One Of The Most Valuable Things I've Learned About Collaboration

Originally posted to Facebook ⇢

Here's one of the most important things I've learned about collaboration...

If you want to get things done, have your team think of Ideating, Deciding, and Doing as three distinct activities. Make them overlap is little as possible.

Ideally, you should only have to answer one of these questions at a time:

"What could we do?"

"What should we do?"

"What are we doing?"

For example, you might spend a couple days talking through ideas, then a couple of days deciding what to do next, and then a few weeks on getting those things done. The team commits to holding off on new ideas/decisions until after the sprint, because it's distracting to think about what you could/should be doing when you are actually trying to do things.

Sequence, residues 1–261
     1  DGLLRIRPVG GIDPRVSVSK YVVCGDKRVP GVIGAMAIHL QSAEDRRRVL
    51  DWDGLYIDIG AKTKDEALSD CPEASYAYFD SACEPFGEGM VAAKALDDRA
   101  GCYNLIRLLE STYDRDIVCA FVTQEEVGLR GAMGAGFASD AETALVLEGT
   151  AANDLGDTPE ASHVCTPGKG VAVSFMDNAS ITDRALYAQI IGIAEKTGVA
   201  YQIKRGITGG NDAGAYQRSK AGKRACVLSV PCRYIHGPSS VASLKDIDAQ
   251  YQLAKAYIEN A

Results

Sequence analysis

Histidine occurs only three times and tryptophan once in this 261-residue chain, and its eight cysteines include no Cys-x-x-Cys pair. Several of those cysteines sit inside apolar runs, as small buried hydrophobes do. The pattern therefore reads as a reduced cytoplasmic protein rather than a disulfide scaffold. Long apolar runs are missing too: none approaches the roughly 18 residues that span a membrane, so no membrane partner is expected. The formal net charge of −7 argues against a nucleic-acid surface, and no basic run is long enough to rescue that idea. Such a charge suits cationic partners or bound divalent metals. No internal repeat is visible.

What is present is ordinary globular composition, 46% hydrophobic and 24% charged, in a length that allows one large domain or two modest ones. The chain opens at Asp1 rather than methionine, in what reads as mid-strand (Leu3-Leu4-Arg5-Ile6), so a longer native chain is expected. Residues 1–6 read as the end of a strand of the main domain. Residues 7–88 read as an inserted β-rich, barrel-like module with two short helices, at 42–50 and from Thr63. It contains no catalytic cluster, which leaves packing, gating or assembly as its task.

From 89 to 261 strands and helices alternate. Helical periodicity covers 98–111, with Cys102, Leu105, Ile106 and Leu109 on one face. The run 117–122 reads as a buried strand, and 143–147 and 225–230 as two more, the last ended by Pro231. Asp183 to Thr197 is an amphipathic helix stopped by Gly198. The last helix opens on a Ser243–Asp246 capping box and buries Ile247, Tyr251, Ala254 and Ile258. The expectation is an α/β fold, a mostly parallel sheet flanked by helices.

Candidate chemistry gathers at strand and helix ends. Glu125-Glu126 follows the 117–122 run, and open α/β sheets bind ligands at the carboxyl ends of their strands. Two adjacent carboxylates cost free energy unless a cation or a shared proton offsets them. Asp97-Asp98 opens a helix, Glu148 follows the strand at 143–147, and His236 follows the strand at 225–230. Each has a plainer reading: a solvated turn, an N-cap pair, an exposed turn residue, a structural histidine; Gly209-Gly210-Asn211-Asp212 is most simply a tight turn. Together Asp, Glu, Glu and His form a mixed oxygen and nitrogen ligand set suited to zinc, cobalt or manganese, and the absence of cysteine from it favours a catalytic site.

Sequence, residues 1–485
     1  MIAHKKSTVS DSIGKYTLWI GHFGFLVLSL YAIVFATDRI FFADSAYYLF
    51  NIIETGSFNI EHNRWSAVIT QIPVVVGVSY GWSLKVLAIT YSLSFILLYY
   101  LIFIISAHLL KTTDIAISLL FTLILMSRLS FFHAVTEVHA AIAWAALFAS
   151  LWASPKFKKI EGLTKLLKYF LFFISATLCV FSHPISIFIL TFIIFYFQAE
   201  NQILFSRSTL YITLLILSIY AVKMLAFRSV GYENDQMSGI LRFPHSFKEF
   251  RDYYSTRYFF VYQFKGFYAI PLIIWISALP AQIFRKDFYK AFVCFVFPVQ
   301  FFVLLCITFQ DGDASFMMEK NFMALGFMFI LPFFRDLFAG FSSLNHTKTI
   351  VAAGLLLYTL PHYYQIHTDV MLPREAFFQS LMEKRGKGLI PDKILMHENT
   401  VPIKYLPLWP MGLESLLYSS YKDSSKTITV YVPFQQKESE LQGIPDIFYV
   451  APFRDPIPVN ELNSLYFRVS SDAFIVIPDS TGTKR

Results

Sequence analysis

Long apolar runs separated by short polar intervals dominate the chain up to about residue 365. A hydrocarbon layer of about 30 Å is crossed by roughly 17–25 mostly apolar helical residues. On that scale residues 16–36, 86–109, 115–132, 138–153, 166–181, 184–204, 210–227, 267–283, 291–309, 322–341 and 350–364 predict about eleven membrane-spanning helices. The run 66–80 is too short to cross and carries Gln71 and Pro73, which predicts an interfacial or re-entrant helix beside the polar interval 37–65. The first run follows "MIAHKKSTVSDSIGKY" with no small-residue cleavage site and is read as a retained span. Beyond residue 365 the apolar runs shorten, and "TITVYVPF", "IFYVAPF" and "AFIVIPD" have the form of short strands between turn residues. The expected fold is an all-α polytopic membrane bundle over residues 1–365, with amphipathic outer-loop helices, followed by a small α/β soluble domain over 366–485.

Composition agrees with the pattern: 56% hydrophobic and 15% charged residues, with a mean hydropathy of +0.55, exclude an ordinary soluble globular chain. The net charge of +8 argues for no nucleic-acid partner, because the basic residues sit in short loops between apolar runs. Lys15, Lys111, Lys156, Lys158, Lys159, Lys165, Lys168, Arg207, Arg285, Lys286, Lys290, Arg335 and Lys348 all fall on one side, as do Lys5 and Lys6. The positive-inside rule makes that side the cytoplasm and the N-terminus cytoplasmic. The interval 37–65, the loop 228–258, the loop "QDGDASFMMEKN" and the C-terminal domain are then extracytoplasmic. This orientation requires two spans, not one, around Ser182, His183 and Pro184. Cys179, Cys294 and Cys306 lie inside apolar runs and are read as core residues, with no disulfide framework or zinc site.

Of course, ideas come to us constantly. So, as they arise during your work, it's important to keep them filed for after the current sprint. (But don't be tempted to discuss them yet! Eat your broccoli before your dessert.)

Even if you aren't discussing new ideas, sometimes decisions need to be made mid-execution. That's why it's important to have a single decision-maker during that time. Their role isn't to make the best decisions, but rather to ensure that everyone can stay focused on their work and not get derailed. (Those choices can always be revisited once you're back in collective decision-making mode.)

Out of all the teams I've worked with, this has probably been the single biggest factor distinguishing the ones that get things done from the ones that don't (or do, but with a lot of confusion/friction).